3. For believers, the transition from death to Paradise is immediate. Jesus assured the dying robber “Today, you will be with me in Paradise.” The process of dying may be brief or drawn out, but reality for the dead believer is that he has entered into Paradise with the Lord. No delay. Paul wrote “We are of good courage, and we would rather be away from the body and at home with the Lord (2 Corinthians 5:8). Imagine that: in Paradise and with the Lord.

So, we can rejoice even by the graveside of our believing loved ones. They are not merely in a “better place” they are in a perfect place with a perfect Savior, our Good Shepherd, the Lord Jesus Christ who gave himself for us.

It would be foolish to postpone hearing and believing the gospel with the possibility that we can repent at death’s door, like the thief on the cross. We are not given any assurance that we will have that opportunity. If you have not trusted in Christ and called upon him for salvation, remember, “Behold, now is the favorable time; behold, now is the day of salvation” (2 Corinthians 6:2). Call upon him today for his salvation and the gift of eternal life.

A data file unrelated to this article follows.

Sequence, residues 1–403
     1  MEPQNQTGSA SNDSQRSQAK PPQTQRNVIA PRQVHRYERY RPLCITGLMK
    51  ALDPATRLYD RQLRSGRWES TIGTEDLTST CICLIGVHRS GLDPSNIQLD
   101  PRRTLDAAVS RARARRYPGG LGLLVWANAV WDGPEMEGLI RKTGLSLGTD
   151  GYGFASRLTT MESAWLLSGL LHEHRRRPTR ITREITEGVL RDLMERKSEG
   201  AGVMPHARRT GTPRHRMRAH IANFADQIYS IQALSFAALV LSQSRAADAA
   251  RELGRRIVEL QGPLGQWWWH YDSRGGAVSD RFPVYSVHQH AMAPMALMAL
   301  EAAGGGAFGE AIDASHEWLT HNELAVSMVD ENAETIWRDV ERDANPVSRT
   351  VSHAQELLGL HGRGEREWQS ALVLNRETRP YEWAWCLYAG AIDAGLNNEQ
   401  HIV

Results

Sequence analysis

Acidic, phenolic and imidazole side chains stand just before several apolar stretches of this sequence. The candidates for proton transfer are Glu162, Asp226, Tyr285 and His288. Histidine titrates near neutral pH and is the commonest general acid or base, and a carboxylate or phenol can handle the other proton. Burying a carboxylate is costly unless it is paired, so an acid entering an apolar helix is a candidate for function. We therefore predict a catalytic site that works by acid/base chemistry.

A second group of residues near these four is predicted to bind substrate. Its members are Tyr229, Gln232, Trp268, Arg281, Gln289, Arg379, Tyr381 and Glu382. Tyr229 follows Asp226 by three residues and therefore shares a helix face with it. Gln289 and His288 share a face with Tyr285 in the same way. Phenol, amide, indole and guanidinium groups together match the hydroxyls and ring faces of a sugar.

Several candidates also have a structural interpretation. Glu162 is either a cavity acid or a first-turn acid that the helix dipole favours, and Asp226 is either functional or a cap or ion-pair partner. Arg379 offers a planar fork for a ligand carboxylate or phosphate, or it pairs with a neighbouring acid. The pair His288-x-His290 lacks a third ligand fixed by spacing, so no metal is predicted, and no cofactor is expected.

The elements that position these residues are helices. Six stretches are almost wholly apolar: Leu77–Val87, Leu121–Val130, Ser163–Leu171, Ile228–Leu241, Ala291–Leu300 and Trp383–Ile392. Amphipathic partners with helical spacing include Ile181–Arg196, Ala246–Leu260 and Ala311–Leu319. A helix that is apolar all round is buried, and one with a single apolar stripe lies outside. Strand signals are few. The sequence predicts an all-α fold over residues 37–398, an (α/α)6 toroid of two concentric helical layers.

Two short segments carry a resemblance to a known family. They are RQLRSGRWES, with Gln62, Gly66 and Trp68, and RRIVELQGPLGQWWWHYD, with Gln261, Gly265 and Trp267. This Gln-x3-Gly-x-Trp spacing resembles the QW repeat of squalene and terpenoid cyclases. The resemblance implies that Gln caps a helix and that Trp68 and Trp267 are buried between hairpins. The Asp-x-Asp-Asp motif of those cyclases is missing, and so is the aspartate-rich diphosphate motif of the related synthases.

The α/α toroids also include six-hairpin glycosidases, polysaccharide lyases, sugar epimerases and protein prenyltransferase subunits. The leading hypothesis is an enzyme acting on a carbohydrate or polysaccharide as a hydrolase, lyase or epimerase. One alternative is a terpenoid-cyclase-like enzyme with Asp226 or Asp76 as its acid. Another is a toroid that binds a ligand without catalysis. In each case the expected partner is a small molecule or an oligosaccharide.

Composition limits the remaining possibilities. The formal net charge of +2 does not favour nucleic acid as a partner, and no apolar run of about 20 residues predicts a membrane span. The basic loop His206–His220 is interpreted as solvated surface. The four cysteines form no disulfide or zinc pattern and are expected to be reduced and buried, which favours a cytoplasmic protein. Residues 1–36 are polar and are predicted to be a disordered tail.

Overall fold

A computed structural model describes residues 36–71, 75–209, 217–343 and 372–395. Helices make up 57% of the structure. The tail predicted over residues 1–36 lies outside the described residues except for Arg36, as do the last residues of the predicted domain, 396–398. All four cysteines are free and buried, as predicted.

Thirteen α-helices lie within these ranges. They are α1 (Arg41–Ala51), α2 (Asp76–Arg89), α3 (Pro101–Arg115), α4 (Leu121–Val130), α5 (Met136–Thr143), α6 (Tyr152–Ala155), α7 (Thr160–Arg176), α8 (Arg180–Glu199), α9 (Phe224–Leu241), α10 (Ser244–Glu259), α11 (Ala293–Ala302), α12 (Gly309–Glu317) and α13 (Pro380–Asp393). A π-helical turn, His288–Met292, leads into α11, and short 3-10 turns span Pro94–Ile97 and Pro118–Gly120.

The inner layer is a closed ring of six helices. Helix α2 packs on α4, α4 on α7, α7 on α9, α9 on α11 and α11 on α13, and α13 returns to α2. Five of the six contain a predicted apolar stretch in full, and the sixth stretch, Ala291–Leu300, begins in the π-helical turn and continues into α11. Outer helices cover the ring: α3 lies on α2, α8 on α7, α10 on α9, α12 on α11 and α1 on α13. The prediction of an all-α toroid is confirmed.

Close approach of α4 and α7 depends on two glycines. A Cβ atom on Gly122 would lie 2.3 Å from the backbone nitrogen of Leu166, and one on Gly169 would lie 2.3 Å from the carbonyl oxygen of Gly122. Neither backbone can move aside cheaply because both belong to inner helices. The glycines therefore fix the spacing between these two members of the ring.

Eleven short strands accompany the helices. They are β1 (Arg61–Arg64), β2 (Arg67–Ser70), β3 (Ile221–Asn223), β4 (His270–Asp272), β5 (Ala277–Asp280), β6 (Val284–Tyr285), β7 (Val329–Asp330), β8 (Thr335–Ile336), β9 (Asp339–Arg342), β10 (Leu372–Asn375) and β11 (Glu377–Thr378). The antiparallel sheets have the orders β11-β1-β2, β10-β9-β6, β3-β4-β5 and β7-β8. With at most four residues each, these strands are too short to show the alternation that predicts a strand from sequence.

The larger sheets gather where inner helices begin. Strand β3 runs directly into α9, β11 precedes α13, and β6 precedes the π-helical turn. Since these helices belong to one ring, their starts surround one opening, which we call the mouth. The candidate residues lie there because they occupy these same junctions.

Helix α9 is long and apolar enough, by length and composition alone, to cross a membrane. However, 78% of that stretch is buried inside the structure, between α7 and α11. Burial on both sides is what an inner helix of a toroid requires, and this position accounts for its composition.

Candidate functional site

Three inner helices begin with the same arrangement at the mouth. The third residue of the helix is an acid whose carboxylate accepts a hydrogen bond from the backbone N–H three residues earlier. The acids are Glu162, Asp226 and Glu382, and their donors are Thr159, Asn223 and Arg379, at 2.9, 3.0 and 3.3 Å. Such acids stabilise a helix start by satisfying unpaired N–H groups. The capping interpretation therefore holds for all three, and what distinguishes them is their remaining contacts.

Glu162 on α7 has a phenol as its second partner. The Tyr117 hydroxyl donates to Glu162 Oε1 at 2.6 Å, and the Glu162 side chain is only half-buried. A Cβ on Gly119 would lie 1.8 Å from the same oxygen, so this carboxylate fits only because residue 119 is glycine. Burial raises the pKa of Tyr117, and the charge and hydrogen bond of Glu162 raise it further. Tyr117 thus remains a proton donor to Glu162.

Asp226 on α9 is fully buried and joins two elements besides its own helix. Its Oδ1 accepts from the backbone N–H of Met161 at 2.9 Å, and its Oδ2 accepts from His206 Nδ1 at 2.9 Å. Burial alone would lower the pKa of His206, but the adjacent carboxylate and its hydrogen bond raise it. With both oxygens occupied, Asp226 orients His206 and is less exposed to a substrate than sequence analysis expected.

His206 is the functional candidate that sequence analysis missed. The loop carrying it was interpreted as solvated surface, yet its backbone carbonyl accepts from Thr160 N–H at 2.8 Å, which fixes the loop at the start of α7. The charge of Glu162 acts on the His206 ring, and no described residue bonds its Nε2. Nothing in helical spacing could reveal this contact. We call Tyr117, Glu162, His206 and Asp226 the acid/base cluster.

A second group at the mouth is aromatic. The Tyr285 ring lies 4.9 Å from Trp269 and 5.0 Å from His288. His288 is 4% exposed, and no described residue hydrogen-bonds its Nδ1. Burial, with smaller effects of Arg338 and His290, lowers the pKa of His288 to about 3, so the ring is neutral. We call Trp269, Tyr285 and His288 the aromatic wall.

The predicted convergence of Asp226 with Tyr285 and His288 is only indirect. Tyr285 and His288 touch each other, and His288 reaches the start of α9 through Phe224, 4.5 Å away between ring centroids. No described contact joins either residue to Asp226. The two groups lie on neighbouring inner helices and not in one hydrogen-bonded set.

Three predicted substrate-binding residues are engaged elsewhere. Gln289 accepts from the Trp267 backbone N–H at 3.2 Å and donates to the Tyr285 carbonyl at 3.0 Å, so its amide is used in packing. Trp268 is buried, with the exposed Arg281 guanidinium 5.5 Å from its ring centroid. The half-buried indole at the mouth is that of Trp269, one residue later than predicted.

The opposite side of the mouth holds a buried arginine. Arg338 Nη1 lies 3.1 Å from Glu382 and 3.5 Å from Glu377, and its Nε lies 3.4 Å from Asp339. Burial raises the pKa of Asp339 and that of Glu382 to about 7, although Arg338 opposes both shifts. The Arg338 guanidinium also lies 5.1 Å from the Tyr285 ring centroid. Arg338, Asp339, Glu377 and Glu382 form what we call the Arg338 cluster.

Looking back

This past week we neared the end of II Samuel and the waning days of David’s reign. In Luke we saw the tender love of Jesus as expressed to a hated tax collector named Zacchaeus and to the whole city of Jerusalem. Jesus shared a final Passover meal with his disciples and made His new covenant with them through the breaking of bread and the drinking of the cup of wine.

Looking ahead

This week we will finish II Samuel and begin 1 Kings. We will see how problems and conflict plagued David to the end of his reign and even on his deathbed. But God sustained him, and Solomon would reign in his father’s place. We will see how success and wisdom would not keep Solomon from caving into his fleshly inclinations by marrying pagan women who influenced him to worship false gods. As a result, Solomon’s son, Rehoboam would lose all but one of the tribes and the nation would be split into two kingdoms: Israel and Judah.